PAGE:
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Light Truck Loophole Bad for Pickup Drivers, Oil Dependency and Pollution

Roland Hwang

Posted July 14, 2011

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This evening, the WSJ online is reporting that the White House is offering automakers a big loophole in fuel economy and carbon pollution standards for light trucks, a category that includes pickups, SUVs and minivans. Opening up a light truck loophole would just throw away money, gasoline, and pollution savings. The biggest losers will be future pickup owners who will be saddled with thousands of dollars of extra fuel costs over the life of their trucks. 

According to the WSJ online story “White House Offers Auto Makers Concessions to Win Mileage Support” dated July 15th, 2011:

The administration this week offered several proposals to auto makers to break the logjam, according to people close to the discussions. One option would let the fuel economy of light trucks improve at a rate of 3.5% a year, less than the 5% annual improvement that would be required of passenger cars. It's not clear that the proposals will be part of any final deal.

While the U.S. automakers may complain that equal treatment for light trucks is bad for their profits, the opposite is true. By allowing big pickups and other light trucks to lag behind, the Detroit 3 run the risk of falling back into the bad habit that lead them to their downfall -- becoming too dependent on fuel-inefficient vehicles.

Ford’s F-150 Ecoboost engine demonstrates that even big pickups can be more fuel efficient.  The 40 percent purchase rate for the F-150 Ecoboost demonstrates that pickup buyers are willing to pay more to cut their gas bills. In fact, since light trucks generally lag behind the technology of their gasoline counterparts, these vehicles can improve at an even faster rate.

Equal treatment for light trucks makes sense. It will save truck driver thousands of dollars over the life of their trucks, cut our dependency on oil, and ensure the U.S. automakers don’t fall back into their bad habits.

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RobinJul 14 2011 09:45 PM

What a shame, I was thinking of purchasing a pick up or mini SUV when the new gas mileage rules took effect. Guess I'll be getting another Honda or Mazda instead.

AlexJul 17 2011 10:52 AM

Okay, but how will trucks meet the proposed standards while still having their current levels of towing and carrying capacities?

I never got a straight answer. Maybe because it's not possible?

Roland HwangJul 17 2011 11:50 PM

Alex: The EPA, NHSTA and CARB have published their preliminary technical assessment here: They assess, holding performance constant (including payload and towing) for large pickups, technologies to meet higher standards. Note also that the 56.2 mpg is a certification test cycle, fleet-average and includes air conditioning reductions. Because the standard are size-based and allow use of low cost air conditioning credits, pickups fuel consumption will have to be reduced about 43% from 2011 levels. According to the agencies' technical assessment, this can be done through incremental improvements including: downsized gasoline direct injection with turbocharging, dual clutch transmissions, discrete variable valve timing, mass reduction, stop start systems, and cooled/boosted exhaust gas recirculation. Downsized GDI turbo truck engines are already showing up with Ford's Ecoboost F150's which have proved popular with auto reviewers and customers (about 40% "take rate). I plan on blogging this week on this issue with more details.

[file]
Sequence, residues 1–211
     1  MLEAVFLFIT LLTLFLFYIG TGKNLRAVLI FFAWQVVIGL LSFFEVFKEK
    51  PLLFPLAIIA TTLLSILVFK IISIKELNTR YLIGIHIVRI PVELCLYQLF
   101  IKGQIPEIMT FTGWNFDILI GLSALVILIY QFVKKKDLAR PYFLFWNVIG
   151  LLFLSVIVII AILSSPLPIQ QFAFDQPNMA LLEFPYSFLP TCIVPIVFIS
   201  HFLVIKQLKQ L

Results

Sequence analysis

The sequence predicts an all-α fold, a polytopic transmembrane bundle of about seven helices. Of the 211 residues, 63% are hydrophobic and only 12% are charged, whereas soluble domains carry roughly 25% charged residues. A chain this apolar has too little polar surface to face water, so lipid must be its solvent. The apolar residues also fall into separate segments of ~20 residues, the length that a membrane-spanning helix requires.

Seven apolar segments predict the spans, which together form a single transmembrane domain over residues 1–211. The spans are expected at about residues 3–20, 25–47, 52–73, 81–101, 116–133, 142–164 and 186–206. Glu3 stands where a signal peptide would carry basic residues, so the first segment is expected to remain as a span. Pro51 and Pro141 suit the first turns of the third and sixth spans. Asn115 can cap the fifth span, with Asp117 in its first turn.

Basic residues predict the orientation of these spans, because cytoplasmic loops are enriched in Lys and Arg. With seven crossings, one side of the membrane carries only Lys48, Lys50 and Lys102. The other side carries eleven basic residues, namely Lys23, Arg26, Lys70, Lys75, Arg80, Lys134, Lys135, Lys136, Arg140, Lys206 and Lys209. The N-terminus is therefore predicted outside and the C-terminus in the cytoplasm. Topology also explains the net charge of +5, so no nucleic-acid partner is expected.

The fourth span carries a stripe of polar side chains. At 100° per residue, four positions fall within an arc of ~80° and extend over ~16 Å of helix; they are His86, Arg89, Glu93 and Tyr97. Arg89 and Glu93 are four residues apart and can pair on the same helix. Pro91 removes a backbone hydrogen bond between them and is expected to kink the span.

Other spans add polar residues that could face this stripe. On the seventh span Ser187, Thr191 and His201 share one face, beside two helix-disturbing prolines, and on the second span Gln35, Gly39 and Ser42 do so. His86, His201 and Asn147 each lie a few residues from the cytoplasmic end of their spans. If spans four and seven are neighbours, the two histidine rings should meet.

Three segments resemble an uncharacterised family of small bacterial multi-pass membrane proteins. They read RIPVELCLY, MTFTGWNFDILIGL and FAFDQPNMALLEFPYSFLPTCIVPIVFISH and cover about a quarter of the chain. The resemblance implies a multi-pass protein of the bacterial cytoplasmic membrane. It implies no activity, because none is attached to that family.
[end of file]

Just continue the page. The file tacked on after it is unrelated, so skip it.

CharlesJul 20 2011 11:56 AM

I think the fuel economy improvements for new light trucks and SUVs are long overdue and I fully support them.

That said, for an atmosphere pumped full of GHG emissions, and at or near the tipping point if not fully past it, it is not nearly enough.

The top 10 industrial economies are blasting BILLIONS of tons of GHG/CO2E into the air EVERY YEAR. The 100,000,000 (North America) light trucks and SUVs already on the road account for hundreds of millions of tons of this pollution annually.

I want to demonstrate that even old "basket-case" pickups can enjoy startling improvements in fuel economy as a result primarily of driver behavior modification, plus a few tweaks to the vehicle.

I'm currently working to show that this truck can go from San Diego, CA to Jacksonville Beach, FL (approximately 2,362 miles) stopping just once to refuel.

Improved fuel economy doesn't have to be only for those with a fat wallet that can afford a new vehicle.

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